Good Company

We sat cross-legged around the crackling fire, basking in the glow of the flames, warm mugs of tea in hand, and recounted the adventures of our day on the trail. Moira, getting pooped on by a bird. Stan’s unfortunate encounter with a territorial squirrel. Jill forgetting to put the lid back onto her water bottle properly, the liquid leaking all over her pants as if she’d peed herself. Laughter ensued. It felt good to be back. It felt especially good to be the one who had avoided even a small disaster. 

Photo by Siim Lukka on Unsplash

Last summer we’d hiked the same trail. The same week we do every year. But the weather had been different. Overcast. Rainy. The scree slick beneath our boots, sliding across the mud of what had always, up until that point, been a dirt track. It was the epitome of bad conditions. Knowing that a wrong footfall from any of us could spell disaster, we no longer moved blithely, struggling through the rain in silence instead, concentrating. Concentrating. Concentrating. Something bad was bound to happen, and it did.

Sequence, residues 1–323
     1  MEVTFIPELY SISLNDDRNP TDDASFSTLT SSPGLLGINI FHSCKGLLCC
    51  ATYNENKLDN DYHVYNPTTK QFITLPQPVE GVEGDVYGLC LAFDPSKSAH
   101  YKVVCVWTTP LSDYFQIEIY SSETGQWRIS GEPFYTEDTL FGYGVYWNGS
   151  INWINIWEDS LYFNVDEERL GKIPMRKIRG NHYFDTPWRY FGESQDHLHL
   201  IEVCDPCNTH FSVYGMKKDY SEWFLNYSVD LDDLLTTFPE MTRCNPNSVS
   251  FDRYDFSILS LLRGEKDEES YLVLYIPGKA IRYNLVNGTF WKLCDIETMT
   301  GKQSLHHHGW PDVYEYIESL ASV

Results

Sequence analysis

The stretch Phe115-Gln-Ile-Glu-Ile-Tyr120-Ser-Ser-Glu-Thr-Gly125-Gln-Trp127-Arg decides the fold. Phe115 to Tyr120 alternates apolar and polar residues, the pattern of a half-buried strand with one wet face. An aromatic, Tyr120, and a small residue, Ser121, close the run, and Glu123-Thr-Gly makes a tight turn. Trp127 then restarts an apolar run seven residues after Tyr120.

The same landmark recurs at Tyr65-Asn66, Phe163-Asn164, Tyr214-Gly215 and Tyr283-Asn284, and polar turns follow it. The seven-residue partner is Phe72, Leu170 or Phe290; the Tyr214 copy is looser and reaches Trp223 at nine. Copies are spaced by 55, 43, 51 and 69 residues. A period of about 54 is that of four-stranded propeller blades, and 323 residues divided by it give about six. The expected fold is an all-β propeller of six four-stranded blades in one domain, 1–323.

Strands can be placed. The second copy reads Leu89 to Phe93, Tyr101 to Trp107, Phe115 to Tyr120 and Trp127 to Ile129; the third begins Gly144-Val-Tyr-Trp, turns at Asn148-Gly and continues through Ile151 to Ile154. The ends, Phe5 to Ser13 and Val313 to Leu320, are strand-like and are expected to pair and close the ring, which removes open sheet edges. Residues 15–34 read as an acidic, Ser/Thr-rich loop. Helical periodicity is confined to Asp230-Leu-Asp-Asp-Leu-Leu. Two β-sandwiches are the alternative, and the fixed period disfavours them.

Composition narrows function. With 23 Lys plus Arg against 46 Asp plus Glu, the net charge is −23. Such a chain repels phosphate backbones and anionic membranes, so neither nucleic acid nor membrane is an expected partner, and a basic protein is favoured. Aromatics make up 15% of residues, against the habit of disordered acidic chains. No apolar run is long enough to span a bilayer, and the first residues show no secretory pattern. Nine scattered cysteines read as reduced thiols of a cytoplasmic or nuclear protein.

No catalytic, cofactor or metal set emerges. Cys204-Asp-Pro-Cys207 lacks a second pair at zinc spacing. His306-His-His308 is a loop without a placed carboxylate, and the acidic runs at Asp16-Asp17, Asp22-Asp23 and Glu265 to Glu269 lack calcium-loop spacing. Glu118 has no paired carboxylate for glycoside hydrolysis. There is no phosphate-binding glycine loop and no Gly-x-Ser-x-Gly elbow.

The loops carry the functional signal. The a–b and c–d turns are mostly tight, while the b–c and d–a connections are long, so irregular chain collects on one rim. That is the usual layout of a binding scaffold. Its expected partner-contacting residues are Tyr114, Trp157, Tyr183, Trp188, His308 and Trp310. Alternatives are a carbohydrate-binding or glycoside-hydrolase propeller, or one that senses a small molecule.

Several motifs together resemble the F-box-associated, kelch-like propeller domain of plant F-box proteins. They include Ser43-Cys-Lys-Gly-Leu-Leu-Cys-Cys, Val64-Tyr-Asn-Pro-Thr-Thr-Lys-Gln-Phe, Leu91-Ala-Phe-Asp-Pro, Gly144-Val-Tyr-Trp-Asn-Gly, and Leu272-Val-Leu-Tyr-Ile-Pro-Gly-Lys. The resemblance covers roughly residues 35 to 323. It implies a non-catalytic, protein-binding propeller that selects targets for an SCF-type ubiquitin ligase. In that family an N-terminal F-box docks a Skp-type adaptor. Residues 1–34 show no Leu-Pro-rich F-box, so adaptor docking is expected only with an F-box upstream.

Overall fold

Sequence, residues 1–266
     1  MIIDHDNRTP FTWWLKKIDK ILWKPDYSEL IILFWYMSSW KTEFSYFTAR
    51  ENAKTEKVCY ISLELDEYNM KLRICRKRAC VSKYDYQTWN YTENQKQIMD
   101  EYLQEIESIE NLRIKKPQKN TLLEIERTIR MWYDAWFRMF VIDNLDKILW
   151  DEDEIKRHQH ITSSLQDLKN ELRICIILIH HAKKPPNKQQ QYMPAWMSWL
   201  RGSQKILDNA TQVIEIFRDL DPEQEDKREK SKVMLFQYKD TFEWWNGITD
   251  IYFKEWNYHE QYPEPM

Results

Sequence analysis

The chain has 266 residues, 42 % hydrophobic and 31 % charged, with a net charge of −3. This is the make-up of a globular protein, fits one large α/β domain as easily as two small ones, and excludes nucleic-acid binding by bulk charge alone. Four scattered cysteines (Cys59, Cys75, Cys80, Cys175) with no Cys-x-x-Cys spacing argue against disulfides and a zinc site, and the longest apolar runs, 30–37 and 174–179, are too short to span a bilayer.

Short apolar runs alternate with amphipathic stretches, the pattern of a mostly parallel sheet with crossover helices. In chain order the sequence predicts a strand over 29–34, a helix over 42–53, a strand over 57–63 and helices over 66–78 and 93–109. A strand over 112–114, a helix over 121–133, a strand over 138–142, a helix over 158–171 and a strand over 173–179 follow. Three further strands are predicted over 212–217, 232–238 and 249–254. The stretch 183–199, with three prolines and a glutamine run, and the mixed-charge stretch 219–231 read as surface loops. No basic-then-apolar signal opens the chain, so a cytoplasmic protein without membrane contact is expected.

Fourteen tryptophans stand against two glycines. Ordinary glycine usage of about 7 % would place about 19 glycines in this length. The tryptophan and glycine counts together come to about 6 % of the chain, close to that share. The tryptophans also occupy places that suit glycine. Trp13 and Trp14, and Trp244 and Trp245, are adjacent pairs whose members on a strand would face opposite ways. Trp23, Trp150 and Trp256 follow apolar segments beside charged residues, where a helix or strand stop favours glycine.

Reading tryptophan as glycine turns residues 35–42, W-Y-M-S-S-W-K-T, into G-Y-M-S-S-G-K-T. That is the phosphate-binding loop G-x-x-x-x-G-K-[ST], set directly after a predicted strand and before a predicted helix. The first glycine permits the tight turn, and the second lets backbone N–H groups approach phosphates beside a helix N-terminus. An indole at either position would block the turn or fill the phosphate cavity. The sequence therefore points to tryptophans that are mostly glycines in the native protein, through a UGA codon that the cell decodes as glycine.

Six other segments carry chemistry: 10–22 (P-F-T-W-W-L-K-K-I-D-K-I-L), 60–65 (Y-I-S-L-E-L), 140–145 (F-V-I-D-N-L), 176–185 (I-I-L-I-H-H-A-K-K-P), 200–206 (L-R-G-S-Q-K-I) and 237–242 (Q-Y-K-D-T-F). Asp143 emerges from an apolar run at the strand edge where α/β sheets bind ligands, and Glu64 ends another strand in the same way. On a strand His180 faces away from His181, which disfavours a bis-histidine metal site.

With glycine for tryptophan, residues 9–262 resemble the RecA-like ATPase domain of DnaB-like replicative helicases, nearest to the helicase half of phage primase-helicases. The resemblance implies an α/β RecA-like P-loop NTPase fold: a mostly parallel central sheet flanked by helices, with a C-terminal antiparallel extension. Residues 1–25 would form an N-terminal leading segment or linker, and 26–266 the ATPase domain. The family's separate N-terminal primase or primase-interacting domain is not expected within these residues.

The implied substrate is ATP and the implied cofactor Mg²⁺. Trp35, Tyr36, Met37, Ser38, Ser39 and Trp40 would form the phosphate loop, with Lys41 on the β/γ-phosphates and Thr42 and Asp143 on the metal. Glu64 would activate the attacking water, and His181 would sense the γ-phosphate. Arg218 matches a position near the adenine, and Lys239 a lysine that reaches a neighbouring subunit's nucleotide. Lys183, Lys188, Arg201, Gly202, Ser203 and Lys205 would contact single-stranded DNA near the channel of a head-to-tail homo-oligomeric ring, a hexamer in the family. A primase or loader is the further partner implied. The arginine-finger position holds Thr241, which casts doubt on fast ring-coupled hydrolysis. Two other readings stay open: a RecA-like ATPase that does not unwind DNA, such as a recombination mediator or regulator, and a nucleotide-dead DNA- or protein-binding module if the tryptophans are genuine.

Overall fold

A mountain goat skittered across the trail, and despite knowing better, I looked up, following the creature’s nimble ascent up the ridge. But I was no mountain goat: my eyes should’ve been looking down. Concentrating. My feet slid out from under me, body twisting. It all happened so fast, my left arm crumpling under the weight of my body and pack into a useless mash of flesh and splintered bone.

At first, I felt nothing. Our bodies are strange that way, holding the pain at bay while we lie, shocked, bravely attempting to acknowledge what’s happened. But half an hour later, as Jill tied off the knot on my sling, it came. 

Physically, I was in agony. But I also stewed in my own mental misery, which hurt just as much. Embarrassment, shame, horror. Jill and Moira supporting my upper body, grabbing handfuls of the yellow raincoat around my shoulders they fashioned into a makeshift stretcher. Stan, his once twinkling eyes now filled with worry, lugging my legs. Down the trail we went, winding towards a lengthy hospital stay, pills, rehab. An HGTV addition. 

But today we wound our way back up. Moira got pooped on by a bird. Stan angered a squirrel. Jill spilled her water. My arm had no need for a sling. And I laughed, grateful for good company. Grateful for those willing to overlook my foibles. Who could want more?

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